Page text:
French President Francois Hollande’s Socialists appears headed for a solid majority in parliamentary elections on Sunday.
Here’s Andrew Strobo’s assessment of Hollande from the current issue of Maclean’s:
“Hollande, who has effectively been campaigning since his win over Nicolas Sarkozy on May 6, continues to cultivate an image of austere normalcy–a deliberate contrast to his ostentatious predecessor. He was sworn in alone, sporting a stern look on a drizzly day; there were no foreign heads of state, nor even his children or partner. He soon cut his own salary, and that of cabinet, by 30 per cent. Where possible, he travels by train. His motorcade reportedly obeys traffic lights. He wishes to be, in short, a reassuring bore.”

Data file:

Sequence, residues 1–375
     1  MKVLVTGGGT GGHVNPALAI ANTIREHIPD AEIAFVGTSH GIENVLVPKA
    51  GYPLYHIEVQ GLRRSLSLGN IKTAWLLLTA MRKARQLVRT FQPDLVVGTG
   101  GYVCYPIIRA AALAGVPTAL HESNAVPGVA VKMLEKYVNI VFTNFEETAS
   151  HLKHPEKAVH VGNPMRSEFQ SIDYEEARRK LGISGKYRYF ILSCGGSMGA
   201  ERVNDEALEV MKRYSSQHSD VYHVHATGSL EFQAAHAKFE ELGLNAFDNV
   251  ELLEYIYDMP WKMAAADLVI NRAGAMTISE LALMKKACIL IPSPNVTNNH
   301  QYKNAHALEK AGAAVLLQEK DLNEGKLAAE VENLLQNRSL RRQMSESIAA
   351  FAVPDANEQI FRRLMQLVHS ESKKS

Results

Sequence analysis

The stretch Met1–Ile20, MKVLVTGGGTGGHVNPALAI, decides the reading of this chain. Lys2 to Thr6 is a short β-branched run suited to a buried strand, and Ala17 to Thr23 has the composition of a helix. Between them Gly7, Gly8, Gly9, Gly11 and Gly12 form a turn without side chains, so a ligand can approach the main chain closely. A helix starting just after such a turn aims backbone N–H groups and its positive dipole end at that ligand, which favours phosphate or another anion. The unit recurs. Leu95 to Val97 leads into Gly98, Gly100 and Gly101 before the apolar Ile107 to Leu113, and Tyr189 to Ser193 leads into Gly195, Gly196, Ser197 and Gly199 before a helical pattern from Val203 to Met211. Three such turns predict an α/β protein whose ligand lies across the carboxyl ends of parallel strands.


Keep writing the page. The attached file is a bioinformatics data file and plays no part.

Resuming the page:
At the same time, Hollande has said that top of his list will be to put off a balanced budget until 2017.
During a speech today at the G20 summit in Mexico, British Prime Minister David Cameron is expected to take a swipe at Hollande for backsliding on austerity measures.
The Daily Mail, which reports to have an advance copy of the MPs speech, says he will urge France to deal with its debts: “Countries simply cannot continue to run indefinite structural fiscal deficits without contributing to the fundamental imbalances that fuelled the 2008 crisis in the first place.”